[Update: Now it’s the White House saying that Kathleen Sebelius’s statements are just the whining of another woman Democratic governor. More below.]
Much of the nation is one storm away from catastrophe, and the National Guard is not ready to respond. Nancy A. Youssef of McClatchy Newspapers writes that
With much of their equipment in Iraq and Afghanistan, state National Guards face profound shortages in responding to natural disasters, particularly as they get ready for the hurricane season, which begins June 1.
The Guard has been shipping gear to hurricane-prone states in an effort to ease concerns, but a large disaster affecting several states would tax the Guard’s ability to respond, according to National Guard officials and government reports. Some deficiencies aren’t correctable. The Texas National Guard’s helicopters, for example, are in Iraq and can’t be replaced easily.
This sudden concern for disaster readiness was triggered when Kansas Gov. Kathleen Sebelius said that the Kansas guard could not respond to the recent tornado devastation because so many of its troops and equipment were in Iraq.
Guard and other government agencies have been warning of the problem for months.
“Most of the units in the Army and Air National Guard are under-equipped for the jobs and the missions that they have to perform” domestically, Lt. Gen. Steven Blum, chief of the National Guard bureau, told Congress last month. “Can we do the job? Yes, we can. But the lack of equipment (means it takes) longer to do that job, and lost time translates into lost lives, and those lost lives are American lives.” [emphasis added]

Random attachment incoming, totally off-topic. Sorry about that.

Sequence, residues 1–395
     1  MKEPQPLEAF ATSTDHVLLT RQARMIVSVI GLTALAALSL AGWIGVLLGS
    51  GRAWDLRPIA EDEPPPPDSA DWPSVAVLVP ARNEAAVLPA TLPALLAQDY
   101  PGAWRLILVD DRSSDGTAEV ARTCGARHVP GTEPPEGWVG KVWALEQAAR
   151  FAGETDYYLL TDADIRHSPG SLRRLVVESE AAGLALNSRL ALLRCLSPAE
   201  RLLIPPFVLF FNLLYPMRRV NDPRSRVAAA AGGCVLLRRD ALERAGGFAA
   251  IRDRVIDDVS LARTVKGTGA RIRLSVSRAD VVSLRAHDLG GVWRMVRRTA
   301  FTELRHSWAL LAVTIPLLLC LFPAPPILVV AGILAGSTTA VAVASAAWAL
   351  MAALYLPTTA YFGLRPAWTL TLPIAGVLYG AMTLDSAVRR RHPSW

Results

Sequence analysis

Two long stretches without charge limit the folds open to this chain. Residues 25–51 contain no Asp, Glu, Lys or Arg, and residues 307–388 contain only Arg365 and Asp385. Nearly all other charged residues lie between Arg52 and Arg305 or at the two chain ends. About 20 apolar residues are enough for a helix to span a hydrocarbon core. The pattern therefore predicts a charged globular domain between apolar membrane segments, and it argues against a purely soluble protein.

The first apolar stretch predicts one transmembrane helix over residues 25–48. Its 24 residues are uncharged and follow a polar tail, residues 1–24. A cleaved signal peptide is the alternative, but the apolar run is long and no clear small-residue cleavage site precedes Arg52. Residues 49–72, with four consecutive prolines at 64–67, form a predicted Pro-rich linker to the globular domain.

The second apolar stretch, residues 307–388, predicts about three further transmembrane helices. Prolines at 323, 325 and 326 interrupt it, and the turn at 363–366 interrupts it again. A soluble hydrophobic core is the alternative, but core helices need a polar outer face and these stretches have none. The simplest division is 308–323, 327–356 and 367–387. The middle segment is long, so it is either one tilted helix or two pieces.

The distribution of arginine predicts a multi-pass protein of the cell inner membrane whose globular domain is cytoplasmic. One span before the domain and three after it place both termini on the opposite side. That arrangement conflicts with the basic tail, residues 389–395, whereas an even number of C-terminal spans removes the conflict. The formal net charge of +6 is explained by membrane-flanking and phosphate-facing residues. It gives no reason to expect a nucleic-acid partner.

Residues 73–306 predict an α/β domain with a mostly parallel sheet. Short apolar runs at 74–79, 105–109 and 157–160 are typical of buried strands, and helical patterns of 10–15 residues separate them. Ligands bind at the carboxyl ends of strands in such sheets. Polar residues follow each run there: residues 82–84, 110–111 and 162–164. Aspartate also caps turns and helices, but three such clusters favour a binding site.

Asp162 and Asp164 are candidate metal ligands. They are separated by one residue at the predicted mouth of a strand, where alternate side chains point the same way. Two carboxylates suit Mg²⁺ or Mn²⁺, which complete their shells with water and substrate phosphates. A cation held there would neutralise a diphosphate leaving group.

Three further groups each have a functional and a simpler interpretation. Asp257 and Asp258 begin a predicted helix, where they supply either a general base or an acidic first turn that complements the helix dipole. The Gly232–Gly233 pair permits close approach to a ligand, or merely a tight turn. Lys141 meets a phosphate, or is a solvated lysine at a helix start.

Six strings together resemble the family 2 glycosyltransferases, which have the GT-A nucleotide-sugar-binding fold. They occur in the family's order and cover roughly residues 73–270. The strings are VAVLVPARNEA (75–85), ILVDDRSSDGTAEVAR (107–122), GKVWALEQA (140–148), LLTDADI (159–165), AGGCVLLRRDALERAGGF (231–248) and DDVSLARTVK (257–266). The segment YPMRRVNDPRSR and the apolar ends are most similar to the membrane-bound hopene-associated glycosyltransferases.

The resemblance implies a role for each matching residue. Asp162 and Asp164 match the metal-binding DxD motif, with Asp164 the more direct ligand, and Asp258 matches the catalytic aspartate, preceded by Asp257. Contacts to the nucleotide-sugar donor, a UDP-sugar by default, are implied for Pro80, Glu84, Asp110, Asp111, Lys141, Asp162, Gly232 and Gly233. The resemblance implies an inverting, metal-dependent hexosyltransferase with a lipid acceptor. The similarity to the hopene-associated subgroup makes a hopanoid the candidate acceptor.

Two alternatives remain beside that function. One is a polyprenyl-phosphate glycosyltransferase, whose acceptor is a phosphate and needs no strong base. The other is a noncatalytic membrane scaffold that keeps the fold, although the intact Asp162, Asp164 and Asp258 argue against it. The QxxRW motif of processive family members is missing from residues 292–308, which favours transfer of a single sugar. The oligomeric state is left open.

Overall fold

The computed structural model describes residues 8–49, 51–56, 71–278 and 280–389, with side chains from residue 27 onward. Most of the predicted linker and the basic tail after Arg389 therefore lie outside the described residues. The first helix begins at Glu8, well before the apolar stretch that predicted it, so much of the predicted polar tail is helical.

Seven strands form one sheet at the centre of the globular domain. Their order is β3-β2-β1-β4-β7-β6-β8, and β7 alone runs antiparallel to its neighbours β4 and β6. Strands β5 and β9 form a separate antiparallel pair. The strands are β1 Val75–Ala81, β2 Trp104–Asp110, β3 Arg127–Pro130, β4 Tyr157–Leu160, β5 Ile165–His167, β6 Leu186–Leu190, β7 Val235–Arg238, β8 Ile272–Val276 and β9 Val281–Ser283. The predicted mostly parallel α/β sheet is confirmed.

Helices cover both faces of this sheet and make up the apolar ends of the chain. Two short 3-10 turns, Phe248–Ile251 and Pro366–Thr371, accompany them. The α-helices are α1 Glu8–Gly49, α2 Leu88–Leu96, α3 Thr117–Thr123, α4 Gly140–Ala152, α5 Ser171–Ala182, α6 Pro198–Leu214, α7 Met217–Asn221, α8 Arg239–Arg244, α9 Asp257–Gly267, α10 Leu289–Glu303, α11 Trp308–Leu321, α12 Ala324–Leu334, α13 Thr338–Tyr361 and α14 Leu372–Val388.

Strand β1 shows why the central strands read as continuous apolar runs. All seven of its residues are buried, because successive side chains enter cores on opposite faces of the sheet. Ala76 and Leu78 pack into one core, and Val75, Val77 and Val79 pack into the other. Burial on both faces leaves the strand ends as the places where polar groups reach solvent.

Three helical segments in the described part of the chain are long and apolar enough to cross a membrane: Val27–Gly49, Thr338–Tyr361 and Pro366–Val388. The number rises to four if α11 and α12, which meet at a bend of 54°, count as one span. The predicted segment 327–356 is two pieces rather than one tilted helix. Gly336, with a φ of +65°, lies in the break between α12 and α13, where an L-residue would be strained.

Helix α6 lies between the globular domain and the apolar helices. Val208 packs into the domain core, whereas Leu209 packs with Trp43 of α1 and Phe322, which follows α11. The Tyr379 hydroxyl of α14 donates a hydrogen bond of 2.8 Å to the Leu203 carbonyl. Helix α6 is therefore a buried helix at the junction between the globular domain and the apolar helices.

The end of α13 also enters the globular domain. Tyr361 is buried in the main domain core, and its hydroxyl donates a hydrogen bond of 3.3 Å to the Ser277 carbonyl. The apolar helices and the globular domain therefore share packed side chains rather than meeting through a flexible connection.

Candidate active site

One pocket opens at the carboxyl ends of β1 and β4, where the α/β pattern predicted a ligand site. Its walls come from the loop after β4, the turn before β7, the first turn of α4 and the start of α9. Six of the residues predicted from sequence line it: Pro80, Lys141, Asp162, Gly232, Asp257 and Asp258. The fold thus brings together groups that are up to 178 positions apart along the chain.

A Government Accountability Office report in January found that of 300 types of equipment needed in natural disasters, the Guard had fewer in all categories than it did in 2001, before the wars in Afghanistan and Iraq.
Some of the equipment is unavailable for domestic disasters, the GAO found, including radios and dump trucks. Only 2 percent of the diesel generators needed are available, the study found.
The GAO report estimated that Guard units in the United States have only 50 percent of the equipment they’d need in the event of a disaster. A study by the National Guard Association of the United States pegs the percentage at 40 percent, according to John Goheen, the group’s spokesman.
And to achieve the 40 percent, the Guard had to count some of the guardsmen’s privately owned vehicles.
Before the Sept. 11 attacks, Guard units had access to 75 percent of their equipment needs, according to the GAO. But Guard units deployed to Iraq and Afghanistan have been leaving their equipment behind when they return to the United States so that other units can use it.
Much of the equipment that remains in the United States is rundown. Blum estimated that it would cost $40 billion to bring the National Guard to 80 percent readiness.
Note that the Iraq War supplement bill Bush just vetoed was for $124.2 billion. The “pork” that so vexed the President included money “for training, operations, repair of equipment, purchases of equipment, and other expenses related to improving the readiness” of the non-deployed National Guard.
There’s a program to move Guard and active-duty Army equipment from other states to hurricane-prone areas, thereby taking equipment away from tornado-prone, earthquake-prone, and terrorist-prone areas. But even relatively weak hurricanes could be devastating to the Hurricane Katrina survivors still living in flimsy FEMA trailers.
In today’s New York Times, Clark Kent Ervin explains what America needs to do to prepare itself for another major terrorist attack, which likely would involve more than exploding backpacks and homemade cherry bombs. Ervin is a former Inspector General of the Homeland Security Department who was purged by the White House for actually doing his job rather than focus on providing butt cover for Bush Administration incompetence. In today’s op ed, Mr. Ervin writes,